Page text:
Lauca thinking about the fail marks.
Sometime towards the end of my year of maternity leave there came a time when I was looking forward to returning to work. Quite simply I was looking forward to time away from the struggle of getting Lauca to sleep. It had started to take me longer to get her to sleep than she actually slept. For example, 40 minutes ‘putting to sleep’ for 30 minutes sleep. Yeah diminishing marginal returns. I wanted someone else to be concerned with when she needed to nap, and how long she needed to nap, and how to get her back to sleep when she awoke mid-nap. I wanted to escape my ritual of self-torture. What I found was that no-one else cared quite as much about how and when my baby napped. Her grandmothers, who looked after her in my first year back at part-time work handled the whole nap routine with carefree abandon (good for them, they’re grandparents after all). It probably also did Lauca some good to be freed from a slightly obsessive mother’s schemes but the result was I collected an exhausted little toddler at the end of my own exhausting work day. Each work day was consequently completed with a 36 minute drive home (yes, I am counting every minute) of screaming because that is how spirited children like to express themselves, followed by a night of sleeping fitfully.
How did I end up so worked up about sleep and not even my own, that I actually wanted to be at work even with its scream-fest drive home? A few months into Lauca’s life I realised feeding wasn’t something to waste my parenting anxieties on. We corrected the breast-feeding problems courtesy of two appointments with a lactation consultant and my baby grew rolls and rolls of appreciative fat so I transferred my fastidious attention to sleep instead.
She wasn’t a great sleeper so there was plenty there to sink my determined little teeth into. Sleep patterns are a shared neurotic fascination of nearly every parenting book and every new parent (as I’ve posted on here and here), so there are lots of opportunities to keep you fully engaged on the topic even if you’re starting to feeling completely fucking over it. I had bouts of intensely scrutinising her sleep patterns for signs of success and even now I occassionally find scraps of paper recording her sleep lengths, times of day, and method of falling to sleep. (Oh poor stupid me).
In the months leading up to her first birthday and my return to work I decided she needed to night-wean. I needed more sleep at night to function at work without an afternoon nap. I so hoped it wouldn’t come to this; I knew it would get ugly and that we would be getting uncomfortably close to ‘controlled crying’ territory. I hoped that she would just grow out of her frequent night feeds by herself. But she showed no signs of it and to this day I am grateful for my resolve when I talk to the breast-feeding mothers of toddlers around her age (two years) who are still coping with frequent night feeds.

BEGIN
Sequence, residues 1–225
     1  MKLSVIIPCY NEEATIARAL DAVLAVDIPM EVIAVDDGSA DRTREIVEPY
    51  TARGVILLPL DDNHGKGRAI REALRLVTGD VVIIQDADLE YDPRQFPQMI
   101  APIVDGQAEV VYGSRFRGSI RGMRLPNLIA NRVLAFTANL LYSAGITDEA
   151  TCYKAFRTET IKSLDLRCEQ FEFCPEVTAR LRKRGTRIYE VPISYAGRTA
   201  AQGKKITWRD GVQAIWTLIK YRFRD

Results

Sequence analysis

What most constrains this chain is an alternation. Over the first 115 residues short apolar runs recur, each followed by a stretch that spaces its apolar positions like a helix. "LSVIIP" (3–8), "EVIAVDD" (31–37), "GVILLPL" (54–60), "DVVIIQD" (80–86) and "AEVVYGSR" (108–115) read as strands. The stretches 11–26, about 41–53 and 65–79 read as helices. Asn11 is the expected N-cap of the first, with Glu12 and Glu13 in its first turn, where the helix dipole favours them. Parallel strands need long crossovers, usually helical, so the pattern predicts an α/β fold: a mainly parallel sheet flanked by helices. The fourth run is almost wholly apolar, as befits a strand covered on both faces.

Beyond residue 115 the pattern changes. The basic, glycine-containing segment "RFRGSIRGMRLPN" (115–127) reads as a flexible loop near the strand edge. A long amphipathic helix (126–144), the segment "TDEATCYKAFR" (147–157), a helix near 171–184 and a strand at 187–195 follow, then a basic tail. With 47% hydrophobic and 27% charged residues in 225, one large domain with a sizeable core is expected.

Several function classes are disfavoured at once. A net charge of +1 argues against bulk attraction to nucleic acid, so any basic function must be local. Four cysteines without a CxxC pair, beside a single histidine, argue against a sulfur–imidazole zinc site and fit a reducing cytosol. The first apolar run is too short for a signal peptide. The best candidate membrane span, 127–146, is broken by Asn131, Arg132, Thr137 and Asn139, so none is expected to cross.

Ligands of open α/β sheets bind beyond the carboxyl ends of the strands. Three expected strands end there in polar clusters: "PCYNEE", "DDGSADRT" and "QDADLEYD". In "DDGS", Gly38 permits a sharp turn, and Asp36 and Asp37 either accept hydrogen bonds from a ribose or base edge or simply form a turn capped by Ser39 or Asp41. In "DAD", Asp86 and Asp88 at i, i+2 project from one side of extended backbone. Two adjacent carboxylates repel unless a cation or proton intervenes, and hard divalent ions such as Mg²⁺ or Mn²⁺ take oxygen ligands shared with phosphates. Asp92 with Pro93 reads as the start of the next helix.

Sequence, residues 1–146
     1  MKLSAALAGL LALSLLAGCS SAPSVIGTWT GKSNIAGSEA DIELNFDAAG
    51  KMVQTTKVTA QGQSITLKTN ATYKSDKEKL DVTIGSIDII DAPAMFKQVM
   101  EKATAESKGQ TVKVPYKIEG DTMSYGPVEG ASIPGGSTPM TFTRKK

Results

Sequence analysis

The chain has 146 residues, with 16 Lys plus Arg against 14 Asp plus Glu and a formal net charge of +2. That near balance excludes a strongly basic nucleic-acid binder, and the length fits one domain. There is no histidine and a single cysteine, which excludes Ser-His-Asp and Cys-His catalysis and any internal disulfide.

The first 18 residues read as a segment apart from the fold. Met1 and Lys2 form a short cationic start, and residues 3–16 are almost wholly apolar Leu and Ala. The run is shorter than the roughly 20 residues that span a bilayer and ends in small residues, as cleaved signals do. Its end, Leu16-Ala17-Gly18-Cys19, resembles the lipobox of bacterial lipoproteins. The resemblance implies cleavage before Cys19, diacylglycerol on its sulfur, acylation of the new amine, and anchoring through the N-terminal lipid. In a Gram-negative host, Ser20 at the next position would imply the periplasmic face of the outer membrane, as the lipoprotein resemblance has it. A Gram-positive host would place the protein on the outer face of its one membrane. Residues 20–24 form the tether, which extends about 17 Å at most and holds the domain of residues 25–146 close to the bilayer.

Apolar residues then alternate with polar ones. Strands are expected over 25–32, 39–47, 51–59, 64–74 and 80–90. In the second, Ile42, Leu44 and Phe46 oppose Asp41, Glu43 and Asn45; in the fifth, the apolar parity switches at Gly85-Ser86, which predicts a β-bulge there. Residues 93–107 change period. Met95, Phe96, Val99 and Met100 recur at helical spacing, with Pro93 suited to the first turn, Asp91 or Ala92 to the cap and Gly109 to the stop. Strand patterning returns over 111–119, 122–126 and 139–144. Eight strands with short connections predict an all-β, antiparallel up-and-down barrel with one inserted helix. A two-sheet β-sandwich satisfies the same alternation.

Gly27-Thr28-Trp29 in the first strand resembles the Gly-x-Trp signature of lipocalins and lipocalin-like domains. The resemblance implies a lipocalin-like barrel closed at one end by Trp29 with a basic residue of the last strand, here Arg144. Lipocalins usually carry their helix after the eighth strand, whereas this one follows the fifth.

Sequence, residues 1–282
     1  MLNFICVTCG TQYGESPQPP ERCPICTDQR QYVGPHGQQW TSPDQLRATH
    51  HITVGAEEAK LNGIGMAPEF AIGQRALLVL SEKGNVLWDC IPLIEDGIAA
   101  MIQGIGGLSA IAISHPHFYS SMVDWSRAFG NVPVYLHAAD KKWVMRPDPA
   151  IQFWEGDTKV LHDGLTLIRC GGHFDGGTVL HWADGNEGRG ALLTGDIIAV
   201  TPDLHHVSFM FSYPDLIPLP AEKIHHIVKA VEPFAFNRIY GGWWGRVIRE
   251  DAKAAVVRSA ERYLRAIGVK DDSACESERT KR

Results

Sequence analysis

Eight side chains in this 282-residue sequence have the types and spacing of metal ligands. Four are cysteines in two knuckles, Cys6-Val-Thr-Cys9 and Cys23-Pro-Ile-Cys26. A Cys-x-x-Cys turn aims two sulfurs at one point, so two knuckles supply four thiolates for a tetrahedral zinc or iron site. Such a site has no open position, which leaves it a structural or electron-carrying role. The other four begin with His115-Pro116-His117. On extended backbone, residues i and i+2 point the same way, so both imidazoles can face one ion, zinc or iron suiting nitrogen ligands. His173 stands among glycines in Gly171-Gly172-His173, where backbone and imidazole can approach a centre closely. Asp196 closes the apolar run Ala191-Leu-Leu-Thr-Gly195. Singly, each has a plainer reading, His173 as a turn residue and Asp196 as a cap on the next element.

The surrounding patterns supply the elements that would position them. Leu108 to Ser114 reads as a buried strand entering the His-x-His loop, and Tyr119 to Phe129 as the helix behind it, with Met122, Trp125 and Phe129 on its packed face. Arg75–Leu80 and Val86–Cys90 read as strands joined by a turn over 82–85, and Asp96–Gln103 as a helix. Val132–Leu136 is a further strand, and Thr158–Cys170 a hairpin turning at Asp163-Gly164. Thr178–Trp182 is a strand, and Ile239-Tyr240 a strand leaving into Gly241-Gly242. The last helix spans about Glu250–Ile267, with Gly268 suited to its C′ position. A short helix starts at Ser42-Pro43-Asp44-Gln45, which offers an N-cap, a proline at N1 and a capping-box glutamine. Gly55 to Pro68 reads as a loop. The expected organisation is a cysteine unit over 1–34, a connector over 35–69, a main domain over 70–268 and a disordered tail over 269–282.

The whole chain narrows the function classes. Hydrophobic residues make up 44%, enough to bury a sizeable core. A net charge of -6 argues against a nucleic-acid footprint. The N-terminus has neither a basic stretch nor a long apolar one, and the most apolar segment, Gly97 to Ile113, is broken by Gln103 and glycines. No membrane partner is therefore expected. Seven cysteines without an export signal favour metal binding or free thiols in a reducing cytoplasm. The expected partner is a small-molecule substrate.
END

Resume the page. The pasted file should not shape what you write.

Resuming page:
I was gentle on her (ie. dropping feeds slowly, and keeping the dawn and bedtime feeds) but tough on myself. I treated my nights like a test – pass or fail; there were only two possible grades. Anything less than a night without breast-feeding was treated as a failure no matter the circumstances, although it must be said that the circumstances were noted in the margins (eg. Me sick with a cold and unable to put the energy into alternative ways of getting her to sleep or Staying with friends in their beach apartment and trying to be invited back again or Half asleep and forgot about my night- weaning pledge). My aim was to stretch out the run of passes for as long as possible without a nasty little fail mark on my calendar. But there was no feeling of success for me: to fail was to fail and drag out this sleepless night-feeding thing, and to pass was to somehow squash a powerful instinct to feed her when she was crying. My calendar became a blur of little + and – marks. I regularly analysed their patterns, counting the strings of passes and then the fails that broke my achievements.
I need a new way of looking at my nights, I wrote in my diary at the time.
Oh yes, I realised, I needed to work. I needed something else apart from sleep routines to study and analyse and measure, to evaluate myself by, and to occupy my brain with.
In terms of sleep we went backwards for a while before we went forwards and I read this book more often than I care to remember (it is a very good book but it should be called “The Gentle Cries a Whole Fucking Lot Method”), and she went through a period of seriously resenting her father because he was trying to put her to sleep instead of Mummy and her breasts.. but in the end we got there, with steely resolve and repetitious music and soothing cuddles and broken ear drums – finally exhausted together, the three of us in our co-sleeping bed.